Supreme Court Questions Scope of EPA’s Climate-Change Powers

Supreme Court Questions Scope of EPA’s Climate-Change Powers

U.S. Supreme Court justices debated putting new limits on the Environmental Protection Agency’s power to tackle greenhouse-gas emissions, as they considered a case that threatens to undercut President Joe Biden’s climate agenda.

Hearing two hours of arguments in Washington, the justices gave a mixed reception to Republican-led states and coal companies seeking to bar the EPA from issuing a sweeping plan to reduce carbon emissions from power plants. The Biden administration is defending the agency’s authority, with backing from power companies and environmental groups.

Justice Samuel Alito questioned the administration’s assertion that it can broadly push electricity generation away from high-emission sources, as long as it doesn’t impose unreasonable costs or threaten grid reliability.

“I really don’t see what the concrete limitations are in any of what you said,” he told U.S. Solicitor General Elizabeth Prelogar. “So long as the costs are not absolutely crushing for the society, I don’t know why EPA can’t go even a lot further.”

But Justice Clarence Thomas, indicated he wasn’t convinced by the distinction the EPA’s opponents sought to make between permissible and impermissible regulation. The states say the agency can regulate “inside the fence-line” of power plants but can’t try to restructure the entire industry.

“I don’t know how you can draw such clean distinctions,” Thomas said.

The session was relatively low-key given the stakes involved. One of the court’s conservatives, Justice Neil Gorsuch, asked only a single question, while two others, Justices Amy Coney Barrett and Brett Kavanaugh, made only a handful of comments.

Biden’s Pledge

The case could jeopardize the country’s ability to meet Biden’s pledge to at least halve greenhouse gas emissions by the end of the decade. It’s impossible to hit that target without regulations to stifle greenhouse gases from oil wells, automobiles and power plants, as well as tax incentives designed to spur clean energy that can edge out fossil fuels, according to several analyses. 

The argument came hours after the release of a United Nations panel report warning that the world has a “brief and rapidly closing window of opportunity” to slow the pace of global warming.

The companies and states are asking the court to preemptively bar anything resembling former President Barack Obama’s Clean Power Plan, which pushed states to shift electricity generation from coal-burning plants toward lower-emitting options, such as renewable power. The Supreme Court blocked the Clean Power Plan in 2016, and it never took effect.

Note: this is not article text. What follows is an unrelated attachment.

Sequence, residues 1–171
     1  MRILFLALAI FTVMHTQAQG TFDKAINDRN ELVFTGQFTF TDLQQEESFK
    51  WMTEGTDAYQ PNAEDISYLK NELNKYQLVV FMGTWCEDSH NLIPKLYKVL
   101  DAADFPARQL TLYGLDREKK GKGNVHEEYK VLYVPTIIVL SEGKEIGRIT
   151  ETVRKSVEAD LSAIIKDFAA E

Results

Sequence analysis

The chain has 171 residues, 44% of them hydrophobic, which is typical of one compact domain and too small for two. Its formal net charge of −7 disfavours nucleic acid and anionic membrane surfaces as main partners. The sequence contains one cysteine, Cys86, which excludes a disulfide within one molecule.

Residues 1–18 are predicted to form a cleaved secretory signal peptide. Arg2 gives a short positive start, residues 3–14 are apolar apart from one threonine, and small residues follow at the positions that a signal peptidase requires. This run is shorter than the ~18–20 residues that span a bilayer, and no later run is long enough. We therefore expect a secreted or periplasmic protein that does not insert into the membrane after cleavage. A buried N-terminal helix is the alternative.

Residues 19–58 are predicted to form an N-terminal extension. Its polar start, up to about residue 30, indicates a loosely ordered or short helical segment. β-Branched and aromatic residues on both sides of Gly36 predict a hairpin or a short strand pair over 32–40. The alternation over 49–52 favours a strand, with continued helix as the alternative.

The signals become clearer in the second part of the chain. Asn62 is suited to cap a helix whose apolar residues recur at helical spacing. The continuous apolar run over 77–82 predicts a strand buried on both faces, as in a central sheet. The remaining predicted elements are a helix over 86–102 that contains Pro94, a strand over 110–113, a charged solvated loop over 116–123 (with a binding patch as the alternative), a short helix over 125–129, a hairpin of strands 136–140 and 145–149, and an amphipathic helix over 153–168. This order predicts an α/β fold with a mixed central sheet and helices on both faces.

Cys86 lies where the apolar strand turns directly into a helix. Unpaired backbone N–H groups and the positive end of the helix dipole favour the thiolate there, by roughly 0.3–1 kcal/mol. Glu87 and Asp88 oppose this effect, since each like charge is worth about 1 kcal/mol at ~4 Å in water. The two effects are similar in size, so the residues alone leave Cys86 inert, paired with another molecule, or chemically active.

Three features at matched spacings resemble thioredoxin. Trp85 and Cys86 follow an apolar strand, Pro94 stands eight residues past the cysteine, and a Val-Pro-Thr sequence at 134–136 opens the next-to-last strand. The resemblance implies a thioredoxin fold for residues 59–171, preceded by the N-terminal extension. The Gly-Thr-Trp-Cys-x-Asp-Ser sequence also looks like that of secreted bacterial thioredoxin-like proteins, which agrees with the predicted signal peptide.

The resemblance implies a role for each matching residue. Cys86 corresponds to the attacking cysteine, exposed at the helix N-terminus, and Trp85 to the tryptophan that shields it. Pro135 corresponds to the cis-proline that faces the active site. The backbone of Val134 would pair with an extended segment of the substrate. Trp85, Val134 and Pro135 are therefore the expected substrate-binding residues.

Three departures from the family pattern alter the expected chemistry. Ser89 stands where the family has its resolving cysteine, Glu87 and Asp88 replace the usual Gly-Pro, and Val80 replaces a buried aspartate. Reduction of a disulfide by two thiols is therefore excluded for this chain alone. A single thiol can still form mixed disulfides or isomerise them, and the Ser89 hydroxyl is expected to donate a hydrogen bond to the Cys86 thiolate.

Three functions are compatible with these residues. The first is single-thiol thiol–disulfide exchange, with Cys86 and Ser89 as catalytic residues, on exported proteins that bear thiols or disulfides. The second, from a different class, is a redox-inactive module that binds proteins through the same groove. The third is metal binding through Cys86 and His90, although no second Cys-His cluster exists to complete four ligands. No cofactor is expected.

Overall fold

Exelon Corp., Consolidated Edison Inc. and National Grid USA are among the power companies joining the Biden administration in defending the EPA’s authority. The challengers include a Nacco Industries Inc. unit and Westmoreland Mining Holdings LLC.

The case centers on a Clean Air Act provision requiring the EPA to identify the “best system of emission reduction” for existing pollution sources. The law then tasks states to implement plans that reflect those findings.  

‘Agency’s Wheelhouse’

Justice Elena Kagan said those words indicated Congress “wanted to give the agency flexibility to regulate as times changed, as circumstances changed, as economic impacts changed.”

The justices devoted much of the session to the so-called major questions doctrine, which the court in past cases has said requires Congress to provide clear authorization before an agency exercises broad powers. The court relied on that doctrine when it lifted the Biden administration’s moratorium on evictions during the pandemic and blocked plans to require vaccines or regular tests for 84 million workers. 

Barrett drew a contrast with the eviction moratorium ruling, which rested in part on the court’s assessment that the Centers for Disease Control and Prevention was reaching beyond its core area of authority.

“Here, if we’re thinking about EPA regulating greenhouse gases, well, there’s a match between the regulation and the agency’s wheelhouse, right?” Barrett asked.

The dispute could be a key one for the movement to rein in the so-called administrative state. Legal conservatives say unaccountable regulators are usurping a role the Constitution entrusts to Congress.

The cases are West Virginia v. EPA, 20-1530; North American Coal Co. v. EPA, 20-1531; Westmoreland Mining Holdings v. EPA, 20-1778; and North Dakota v. EPA, 20-1780.

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